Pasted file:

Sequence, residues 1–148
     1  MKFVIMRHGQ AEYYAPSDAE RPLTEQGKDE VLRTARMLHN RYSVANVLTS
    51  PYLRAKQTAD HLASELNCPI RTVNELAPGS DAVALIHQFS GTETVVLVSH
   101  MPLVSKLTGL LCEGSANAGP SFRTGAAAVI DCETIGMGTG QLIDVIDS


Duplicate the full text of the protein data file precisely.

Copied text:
Sequence, residues 1–148
     1  MKFVIMRHGQ AEYYAPSDAE RPLTEQGKDE VLRTARMLHN RYSVANVLTS
    51  PYLRAKQTAD HLASELNCPI RTVNELAPGS DAVALIHQFS GTETVVLVSH
   101  MPLVSKLTGL LCEGSANAGP SFRTGAAAVI DCETIGMGTG QLIDVIDS